Class of distinction presents +Improving Governance in Government
The discourse on “Transformation Ethics and Security –The Challenge of National Development” is timely and most appropriate, because it captures the main challenges we face as a people, as a state and as a nation; and reflects our shared aspirations and as well as requirements for achieving our collective goal, namely, national development and transformation.
Grasping the imperatives of transformational development requires a mindset that led Abraham Lincoln to once pronounce, “I plucked a weed and planted a flower”. That declaration in real terms, as action and even figuratively, should be the guide for public policymakers and those charged for executing public policies, if indeed, they aim at improving governance in government. It reflects in a nutshell, the essence of decision-making.
As I have often postulated, there is nothing like a bad public policy, since all public policies are supposedly well-intended. Often, what we confront are badly conceptualized policies; poorly articulated public policies and badly implemented public policies. When a desirable policy does not come to fruition, it becomes a failed or bad policy. In reality, however, quite often good public policies are undermined due to poor work or moral ethics.
A case in point; presently, Anambra State is shortchanged whenever good and well-intended policies are upturned and made self-serving. It has been observed that there is a clear dichotomy between the values and vision of H.E. Gov. Peter Obi, and the values of some of those serving under him. Why so?
In the nation and the 36 States, the Civil Service, once the conscience of the government is now riddled with pockets recidivists, who systematically apply in-house knowledge to swindle the government and people. Some political appointees fixated on turning every aspect of governance into transactions are equally culpable. It is this high level of greed and impunity that is destroying Nigeria.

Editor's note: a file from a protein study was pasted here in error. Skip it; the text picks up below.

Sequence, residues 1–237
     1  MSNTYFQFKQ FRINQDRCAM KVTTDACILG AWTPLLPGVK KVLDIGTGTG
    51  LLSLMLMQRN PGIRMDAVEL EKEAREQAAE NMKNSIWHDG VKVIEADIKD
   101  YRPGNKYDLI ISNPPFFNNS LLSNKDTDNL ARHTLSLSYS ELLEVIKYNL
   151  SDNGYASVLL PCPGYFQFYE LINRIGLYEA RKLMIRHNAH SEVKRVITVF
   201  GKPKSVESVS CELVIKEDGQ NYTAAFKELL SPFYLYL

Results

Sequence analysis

Ironically, those in governance are constantly watched and assessed. Just as observers decry pockets of recidivism in government, they also make bold to acknowledge pockets of professionalism, excellence, and proven values of good governance.
Normatively, it is now widely accepted that national development can only take place in the context of collective public security, individual safety and where ethics is the foundation of public policy. If the idea that a country needs security of lives, property and contracts to develop is obvious; the related notion that ethics in governance is fundamental to development would appear abstract. But it is not. Clearly, there is a nexus between security and ethics as pre-requisites of national development.
Every government --- more so any government that seeks to offer purposeful government or purposeful leadership to its people --- must perform three core functions: ensuring the security and safety of the people; providing for their basic social needs, including meeting their needs in times of natural disasters; and creating an enabling environment for the people to undertake normal social, cultural and economic activities for the improvement of their wellbeing. Pulled together, these strands lead to empowerment, more so, since POWER both in its economic and political sense has been defined as “People Organized and Working for Economic Rebirth”.
Hence, improving governance in government or in business must rest on several core principles: transparency, predictability, accountability, responsiveness and involvement of relevant stakeholders. What sets “governance in government” apart from “governance in business” are the norms of ethical conduct, the expectations of the people, the instruments of discipline and the perception of credibility.
As a nation, we bedeviled by the dilemma of conflicting popular expectations. Peoples expectations play a significant role in public governance than it is often realized. Yet, conflicting popular expectations of those in political power are obstacles to improving governance in government. Indeed, conflicting popular expectations are a major source of unethical conduct in government and an important reason why poor governance persists in many aspects and facets of government.
These challenges manifest themselves in various ways. People expect the government to deliver basic services, yet they do not want to meet their civic obligation of paying taxes for funding such services. It is commonplace that some of those charged with internally generated revenue (IGR) sidetrack due process and devise disingenuous means of diverting public funds into private coffers. Some public officials engage in outright grand larceny, as in the case of the fuel subsidy and pension scheme scams. How then is the government expected to pay for those basic services that are its statutory responsibility?